"And I am praying to God on high,
And I am praying Him night and day
For a little house--a house of my own--
Out of the wind's and the rain's way."

         An Old Woman of the Roads, st. 6
Padraic Colum (1881-1972)



Miami-Dade County has hundreds if not thousands of inner-city developable residential lots where new single family homes could be built. However, there are virtually no private for-profit homebuilders building single family homes for ownership by low-to-moderate income families, except for Wind & Rain Homebuilders in West Coconut Grove. There are several reasons for this:

A. Flawed RFP Policy. The RFP application process to line up "soft" second mortgages for the homeowners-to-be is too cumbersome and penalizes "for-profit" corporations who must include their profit and overhead in their applications. Furthermore, it is unlikely that any "for-profit" company will buy and hold a "scattered site" for up to a year in hopes of getting a HOME or SHIP or SURTAX soft 2d mortgage allocation.

B. Apparent Funding "Shortage". The Miami-Dade County Housing Authority always seems to have too little funding for the number of applications and the amounts requested. For FY 1999, only about 25% of the applications were funded, all to "not-for-profits." There was only ONE true "for-profit " application, that of Wind & Rain, which was not allocated any "soft 2d" mortgage funding for the reason set forth above.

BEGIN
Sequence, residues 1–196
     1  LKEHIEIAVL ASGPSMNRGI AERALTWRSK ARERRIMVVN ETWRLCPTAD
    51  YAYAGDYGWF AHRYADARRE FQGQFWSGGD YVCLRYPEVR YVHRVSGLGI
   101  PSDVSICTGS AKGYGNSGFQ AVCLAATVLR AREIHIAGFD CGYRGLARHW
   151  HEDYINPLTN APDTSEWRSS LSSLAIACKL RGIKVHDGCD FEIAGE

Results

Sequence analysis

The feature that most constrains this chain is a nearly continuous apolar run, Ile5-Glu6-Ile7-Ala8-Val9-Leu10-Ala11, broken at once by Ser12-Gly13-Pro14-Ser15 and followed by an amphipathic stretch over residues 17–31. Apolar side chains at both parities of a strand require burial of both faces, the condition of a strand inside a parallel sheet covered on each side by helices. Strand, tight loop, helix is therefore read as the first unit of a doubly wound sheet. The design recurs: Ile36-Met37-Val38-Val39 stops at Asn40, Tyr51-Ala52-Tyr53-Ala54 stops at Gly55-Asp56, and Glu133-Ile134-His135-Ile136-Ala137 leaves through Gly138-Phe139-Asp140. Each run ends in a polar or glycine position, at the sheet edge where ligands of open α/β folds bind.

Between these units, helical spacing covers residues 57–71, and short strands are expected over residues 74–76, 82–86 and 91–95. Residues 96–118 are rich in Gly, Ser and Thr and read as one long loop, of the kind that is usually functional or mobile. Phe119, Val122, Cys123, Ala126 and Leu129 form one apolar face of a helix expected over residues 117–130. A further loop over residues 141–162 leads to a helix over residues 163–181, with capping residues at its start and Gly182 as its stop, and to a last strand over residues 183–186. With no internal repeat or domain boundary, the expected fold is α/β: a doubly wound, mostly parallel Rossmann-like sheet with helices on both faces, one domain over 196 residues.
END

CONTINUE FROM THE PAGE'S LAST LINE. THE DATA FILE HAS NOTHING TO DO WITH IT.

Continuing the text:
C. "Risk vs Reward". Most important, the "risk vs reward" equation is drastically out of balance in inner-city neighborhoods. Not only is the "reward" lower for building a house there because the profit margin has to be kept low to keep the price down, but the "risk" is also greater, primarily due to the uncertainty and slowness of "soft 2d" mortgage funding crucial to making the homes "affordable' and hence "salable" at all. The County funding process does not seem to recognize that "time is money."


The solution to the problem of how to get "for-profit" homebuilders to begin building single family homes in inner-city neighborhoods does NOT require putting taxpayers at risk but does require an innovative program as follows:

A. Identify "target" Neighborhoods. Government seems to always make the mistake of trying to direct where development should go, and generally tries to steer it to the "most needy" areas first. The Institute for Urban Studies correctly points out that this is backwards. Miami-Dade County should instead identify ALL inner city neighborhoods where no housing is currently being built by "for-profit"homebuilders and then allow those homebuilders themselves to decide in which of those neighborhoods they are willing to risk their capital .